Sunday Apr 14

MeinkePeter Peter Meinke is St. Petersburg’s Poet Laureate. His fiction and poetry have appeared in The Atlantic, The New Yorker, The New Republic, Poetry, and many other magazines and anthologies. Among his 20+ books are The Piano Tuner, which received the Flannery O’Connor Award for short fiction, and his newest collection of poems, Lucky Bones (2014), his 8th book in the Pitt Poetry Series. In 2012 he published his book on writing, The Shape of Poetry. He directed the Writing Workshop at Eckerd College for 27 years and has been writer-in-residence in dozens of schools, including Old Dominion University, Davidson College, Hamilton College, and the University of North Carolina/Greensboro. Visit his web site here.


America is entering a golden age of faith.
  President George Bush, May 11, 1990

. . . electric stations of the cross bloom like
stigmata in Mississippi as America
loosens its Bible belt for the millennium

and Verily Verily amplifies over airwaves
Behold wise men from the South hawking
balms in the wilderness O Biloxi O

Lynchburg bearing the portable Word
on Wheels to the mobile homeless burning
rubber for Jesus and calories for life everfasting

and 1000 light years away Carina
with its double star winks while pilgrims
in waxy clusters swerve off thruways mounting

toward Jerusalem under the golden arches
singing Lord I Want To Be A Christian :
Over Ten Billion Saved   and counting . . .


I’ve lied about god all my life
using him to stand for this bright

star I swallowed as a teenager fat pill
flaring in my brain so I could feel

and even see the meaning in a podocarpus
leaf or a child’s fingernail But he’s just

a dangled puppet who today dances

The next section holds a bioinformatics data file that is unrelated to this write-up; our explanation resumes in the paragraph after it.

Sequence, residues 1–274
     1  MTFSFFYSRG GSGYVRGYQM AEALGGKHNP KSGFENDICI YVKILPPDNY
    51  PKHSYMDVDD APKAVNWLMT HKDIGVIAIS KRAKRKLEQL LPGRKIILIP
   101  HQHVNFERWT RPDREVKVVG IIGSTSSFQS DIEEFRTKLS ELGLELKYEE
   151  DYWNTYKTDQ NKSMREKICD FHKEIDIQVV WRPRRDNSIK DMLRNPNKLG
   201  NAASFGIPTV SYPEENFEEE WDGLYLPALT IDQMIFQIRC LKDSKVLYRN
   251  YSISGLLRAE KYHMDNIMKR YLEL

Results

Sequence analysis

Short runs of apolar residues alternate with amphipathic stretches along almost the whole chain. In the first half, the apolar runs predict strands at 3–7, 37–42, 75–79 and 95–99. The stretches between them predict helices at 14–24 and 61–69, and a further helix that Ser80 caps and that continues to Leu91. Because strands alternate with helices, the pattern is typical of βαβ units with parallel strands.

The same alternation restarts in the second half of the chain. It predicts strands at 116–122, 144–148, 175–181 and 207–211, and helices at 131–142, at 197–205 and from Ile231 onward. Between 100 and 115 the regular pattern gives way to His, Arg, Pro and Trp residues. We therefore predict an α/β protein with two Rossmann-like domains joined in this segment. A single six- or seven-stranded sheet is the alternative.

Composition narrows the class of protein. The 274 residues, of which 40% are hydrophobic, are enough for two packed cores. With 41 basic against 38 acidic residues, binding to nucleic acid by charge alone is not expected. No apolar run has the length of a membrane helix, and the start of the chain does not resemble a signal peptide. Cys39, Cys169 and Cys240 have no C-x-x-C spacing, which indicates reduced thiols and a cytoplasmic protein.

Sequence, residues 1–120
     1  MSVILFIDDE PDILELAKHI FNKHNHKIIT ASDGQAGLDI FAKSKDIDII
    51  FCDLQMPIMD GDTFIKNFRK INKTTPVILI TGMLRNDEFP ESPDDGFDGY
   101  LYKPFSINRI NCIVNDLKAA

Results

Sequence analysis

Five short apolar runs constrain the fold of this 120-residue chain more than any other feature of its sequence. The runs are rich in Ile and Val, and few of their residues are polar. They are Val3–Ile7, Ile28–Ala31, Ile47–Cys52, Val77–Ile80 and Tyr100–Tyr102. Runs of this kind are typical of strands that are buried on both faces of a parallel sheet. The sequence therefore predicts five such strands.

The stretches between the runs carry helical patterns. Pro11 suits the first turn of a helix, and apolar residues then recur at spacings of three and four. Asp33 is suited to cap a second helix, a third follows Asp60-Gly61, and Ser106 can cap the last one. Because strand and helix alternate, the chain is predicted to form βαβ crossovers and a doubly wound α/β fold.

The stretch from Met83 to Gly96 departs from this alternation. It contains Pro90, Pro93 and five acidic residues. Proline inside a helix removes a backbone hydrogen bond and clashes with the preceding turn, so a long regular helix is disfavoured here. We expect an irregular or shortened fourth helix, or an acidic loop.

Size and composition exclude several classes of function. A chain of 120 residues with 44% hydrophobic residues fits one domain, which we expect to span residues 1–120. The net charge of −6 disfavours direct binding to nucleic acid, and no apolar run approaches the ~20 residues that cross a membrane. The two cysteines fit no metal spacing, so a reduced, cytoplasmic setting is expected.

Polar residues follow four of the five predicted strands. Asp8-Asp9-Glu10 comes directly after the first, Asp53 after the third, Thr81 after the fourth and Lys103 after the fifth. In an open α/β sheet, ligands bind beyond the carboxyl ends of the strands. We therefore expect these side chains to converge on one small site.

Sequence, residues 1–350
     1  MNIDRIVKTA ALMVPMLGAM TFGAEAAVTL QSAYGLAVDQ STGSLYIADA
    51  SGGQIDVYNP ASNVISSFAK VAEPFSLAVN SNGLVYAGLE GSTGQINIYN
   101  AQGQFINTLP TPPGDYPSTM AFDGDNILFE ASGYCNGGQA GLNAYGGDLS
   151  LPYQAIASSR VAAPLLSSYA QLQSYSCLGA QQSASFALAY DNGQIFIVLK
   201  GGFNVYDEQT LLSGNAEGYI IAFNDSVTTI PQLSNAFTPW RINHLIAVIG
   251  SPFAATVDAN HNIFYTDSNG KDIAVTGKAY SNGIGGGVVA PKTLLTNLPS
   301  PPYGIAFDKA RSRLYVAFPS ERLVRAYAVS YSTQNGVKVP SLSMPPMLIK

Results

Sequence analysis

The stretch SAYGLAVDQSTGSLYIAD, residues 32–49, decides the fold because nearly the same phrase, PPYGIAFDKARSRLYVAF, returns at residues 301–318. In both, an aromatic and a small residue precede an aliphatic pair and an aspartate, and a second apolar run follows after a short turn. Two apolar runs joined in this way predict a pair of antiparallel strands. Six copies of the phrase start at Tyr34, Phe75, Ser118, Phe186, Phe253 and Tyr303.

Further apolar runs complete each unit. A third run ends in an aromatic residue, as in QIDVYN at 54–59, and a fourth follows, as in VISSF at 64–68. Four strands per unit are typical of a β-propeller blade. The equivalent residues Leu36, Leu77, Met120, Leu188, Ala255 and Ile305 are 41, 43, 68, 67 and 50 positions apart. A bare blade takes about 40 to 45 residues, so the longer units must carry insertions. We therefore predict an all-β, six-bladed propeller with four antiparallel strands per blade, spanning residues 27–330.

gravely down rows of stones and crosses

stuck in a bleeding field: the hell
with him! On my knees I call

out the names to our granddaughter
podocarpus philodendron   watering

the green shoots  schlefflera jasmine myrtle
Fern: her nails chipped and dark with dirt

 Ode to Our Checkbooks

Their comforting boredom!
Straight lines and tiny boxes
crabbed lists squinted at through glasses
gray covers smoothed from years
of slipping in pockets
It's what things get reduced to:
numbers flat on our asses

How satisfactory to add
and subtract!   to balance
the columns like brooms
wobbling on our chins
as we stagger through our rooms
showing off for the children

We code the history
of our family here: the fire
mortgages   doctors tickets
birthday and anniversary dinners
A numerical chain-gang:
the detritus of desire

And to do this for thirty
fortyfifty years
just the two of us together
alone late at night:
such fidelity is not
our common lot

So when we’re gone though we hoped
for Peace maybe or Love
one can hear whining faintly     Pay
to the Order of . . .
It was our job:
We were counted upon

Dream Analysis

He was lying face down on a couch
the rough fabric reddening his cheek
dust stinging his nostrils stroking
small birds sharp-billed and brown
when the birds turned suddenly into shoes
and a dancing couple loomed above him

Well what do the birds mean? It seemed to him
he belonged either on a shrink’s couch
or in the loony bin   Birds changing to shoes
a bad sign maybe perverse: a chick
could be a girl and that soft little brown
thing he was so fondly stroking

looked pretty suspicious   But wasn’t stroking
good?   Gentle and nourishing?   It scared him
to think he was getting weird. Still isn’t brown
a normal common color or to couch
it in professional terms—which might be cheek-
y for someone in his shoes—

where’s the harm in sublimating shoes
or birds from whatever he was really stroking?
Hey there’s no violence   It was almost chic
exposing a feminine side to him
sensitive to the fabric of a couch
or the color of shoes and birds—especially brown

which is Mother Nature’s color the brown
of earth of leaves of horses whose shoes
kick nervously in the dust . . .   This couch
business was contagious like stroking
his own brain to see what’s inside him:
now we have horses as well as birds and cheeks

and who knows what else?   Even turning the other cheek
in this context sounds raunchy a brown-
out breakdown lurid images waltzing around him
in flickering light   So he imagines he shoos
them off like chickens through straw king
of the inner barnyard prince of the couch

crowing a hymn to Freud and God cheek
by jowl on the fowl couch stroking each other
admiring each other’s brown shoes